After the overturn of 1934, National History as a subject received considerable attention from the government. It was regarded as contributory to the unity of the nation. The subject of history had an important place within the school curriculum. As a result, history teachers gained a notable role in schools. This fact could be proven by an example of special courses for elementary and secondary school history teachers organized for three years in 1934–1936. These courses have been discussed in the author’s previous paper dedicated to the training of elementary school teachers .
Level of Education of Secondary School Teachers
The information regarding the number of teachers and their qualifications could be obtained from the material about teacher licensing. Starting from 1924, teachers had to match certain licensing criteria in order to gain permission to teach in schools . Both elementary and secondary school teachers had to achieve a certain status-related category as either fully-licensed teachers or candidates in accordance with the rules of licensing [3, 278], which was granted by a licensing commission approved by the Ministry of Education. Certain rules were developed for the licensing process in elementary and secondary schools.
However, the information about the level of education of subject teachers, including historians, appears only once in a summarized form in the reports of the Department of School Affairs for the period 1919 – 1924 [7, 274]. According to the data, the overall teaching body of secondary schools consisted of 88 teachers-candidates (69 men and 19 women) and 546 fully-licensed (competent) teachers by 1 July 1924. With regard to history teachers, 18 of them were competent (2 men and 16 women), while 27 (16 men and 11 women) were not fully-qualified [7, 276]. In fact, these numbers and the situation of history teachers are fairly good, if compared to the situation of other subjects and the amount of teaching hours of these subjects in schools.
However, it is difficult to fully evaluate the level of education of teachers working within a specific subject category because, as stated in paragraph 14 of the Law of Education Institutions of Latvia (Likums par Latvijas izglītības iestādēm) of 1919, any citizen of Latvia was eligible to teach in a secondary school, if he either had graduated from a higher education institution with a specialty in a certain subject and had undertaken an additional course from a pedagogical cycle, or had had a suitable pedagogical experience. The minimum level of education required was secondary. According to the requirements of licensing [1, 326], an individual with higher education qualifications in history was not eligible for a fully-licensed, or competent, teacher status, if he had no pedagogical education. On the other hand, the fully-qualified teacher status could be granted with only a secondary education diploma, if pedagogical courses had been undertaken and an individual had had a long-term experience within a pedagogical field [4, 552].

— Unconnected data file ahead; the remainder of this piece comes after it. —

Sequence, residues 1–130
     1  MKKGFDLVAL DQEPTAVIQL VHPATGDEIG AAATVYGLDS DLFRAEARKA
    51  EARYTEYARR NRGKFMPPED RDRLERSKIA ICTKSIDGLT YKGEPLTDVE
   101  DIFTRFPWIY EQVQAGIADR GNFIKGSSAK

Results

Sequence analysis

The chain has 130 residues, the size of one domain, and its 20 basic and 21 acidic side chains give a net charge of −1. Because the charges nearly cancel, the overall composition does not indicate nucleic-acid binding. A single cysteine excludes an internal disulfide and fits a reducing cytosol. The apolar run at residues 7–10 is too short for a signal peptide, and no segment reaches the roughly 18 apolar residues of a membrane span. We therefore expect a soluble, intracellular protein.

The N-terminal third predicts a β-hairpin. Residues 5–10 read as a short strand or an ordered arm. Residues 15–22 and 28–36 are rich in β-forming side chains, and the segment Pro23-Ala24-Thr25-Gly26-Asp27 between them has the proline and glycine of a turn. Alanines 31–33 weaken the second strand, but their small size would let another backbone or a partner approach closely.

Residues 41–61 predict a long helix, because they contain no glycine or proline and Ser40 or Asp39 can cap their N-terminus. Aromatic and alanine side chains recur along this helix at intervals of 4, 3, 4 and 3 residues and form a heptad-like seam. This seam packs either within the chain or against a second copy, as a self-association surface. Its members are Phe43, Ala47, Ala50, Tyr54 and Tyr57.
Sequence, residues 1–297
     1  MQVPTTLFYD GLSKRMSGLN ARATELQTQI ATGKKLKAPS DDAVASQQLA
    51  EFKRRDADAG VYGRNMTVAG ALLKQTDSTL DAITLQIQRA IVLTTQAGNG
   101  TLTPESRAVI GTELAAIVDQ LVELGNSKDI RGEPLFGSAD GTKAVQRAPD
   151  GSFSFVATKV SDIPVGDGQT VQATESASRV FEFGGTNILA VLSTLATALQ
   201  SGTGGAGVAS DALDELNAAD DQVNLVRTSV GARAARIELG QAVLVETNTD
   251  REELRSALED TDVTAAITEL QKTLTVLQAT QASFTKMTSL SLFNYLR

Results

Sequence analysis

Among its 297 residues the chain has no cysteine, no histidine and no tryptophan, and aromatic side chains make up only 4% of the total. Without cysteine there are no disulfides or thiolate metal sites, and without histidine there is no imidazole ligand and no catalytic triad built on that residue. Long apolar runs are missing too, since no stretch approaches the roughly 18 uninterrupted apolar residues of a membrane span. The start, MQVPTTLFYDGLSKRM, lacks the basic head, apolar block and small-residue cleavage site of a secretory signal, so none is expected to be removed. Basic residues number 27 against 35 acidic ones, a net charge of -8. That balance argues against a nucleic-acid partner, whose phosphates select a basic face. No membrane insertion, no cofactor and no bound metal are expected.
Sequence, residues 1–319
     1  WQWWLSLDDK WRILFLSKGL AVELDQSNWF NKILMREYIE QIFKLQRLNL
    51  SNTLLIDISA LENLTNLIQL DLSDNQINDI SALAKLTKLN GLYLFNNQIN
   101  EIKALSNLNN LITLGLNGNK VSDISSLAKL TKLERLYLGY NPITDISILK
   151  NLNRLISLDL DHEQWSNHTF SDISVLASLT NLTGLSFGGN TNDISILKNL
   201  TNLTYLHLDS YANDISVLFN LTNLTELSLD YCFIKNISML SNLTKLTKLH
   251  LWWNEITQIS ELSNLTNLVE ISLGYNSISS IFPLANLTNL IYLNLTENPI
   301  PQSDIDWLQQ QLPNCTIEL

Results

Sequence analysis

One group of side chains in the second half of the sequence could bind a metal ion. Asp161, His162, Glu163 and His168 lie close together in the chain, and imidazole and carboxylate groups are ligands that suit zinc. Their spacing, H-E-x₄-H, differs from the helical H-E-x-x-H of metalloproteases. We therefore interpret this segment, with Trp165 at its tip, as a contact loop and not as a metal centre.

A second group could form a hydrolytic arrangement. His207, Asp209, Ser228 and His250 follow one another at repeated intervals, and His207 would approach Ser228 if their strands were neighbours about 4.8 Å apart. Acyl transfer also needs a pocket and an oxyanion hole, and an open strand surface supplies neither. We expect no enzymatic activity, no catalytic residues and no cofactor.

Thus, the rules of obtaining the discussed teaching status were contradictory. Higher education qualifications in history without pedagogical qualifications did not allow becoming a fully-qualified teacher. Nevertheless, secondary school graduates, if they met the applicable requirements, were suitable for the role of competent teachers. All of the above suggests that some of the teachers without the fully-qualified teacher status could actually specialise in history and could have a higher education diploma in the subject but might simply lack pedagogical education [1, 552]. The data about history teachers with higher education qualifications (after 1924) could be found in the archival materials of teacher licensing only .
The stated facts and the content of the reports on operation of the courses for history teachers prove that the topic of teacher training for the experts of specific subjects was not fully covered and stabilised in the 1920s. However, the situation in the republic changed, resulting in the growing demand for well-educated specialists. Thus, the requirements for the quality of education increased accordingly. As a result, mandatory higher education for secondary school teachers became more relevant and required. The number of history teachers in secondary schools gradually increased.
Secondary school teachers mainly gained their qualifications at the University of Latvia, whereby the Pedagogical Department with a two-year programme was established as part of the Faculty of Philology in 1919. This Pedagogical Department became an independent unit in 1924/1925 [14, 160]. History experts were also educated at the University of Latvia, but, according to the data, the number of graduates educated in history was insignificant in comparison to other subjects. However, this number of history graduates could be sufficient to meet the needs of secondary schools in Latvia, the number of students and school curricula on condition that all these graduates became teachers. As stated in the published material of the University of Latvia of 1939 [2, 64–65], only 29.2 %, or 6,841 students, of all applicants (23,438 in total) completed the course. There were 345 historians, which equals to 5 % of the total number graduates at the time discussed.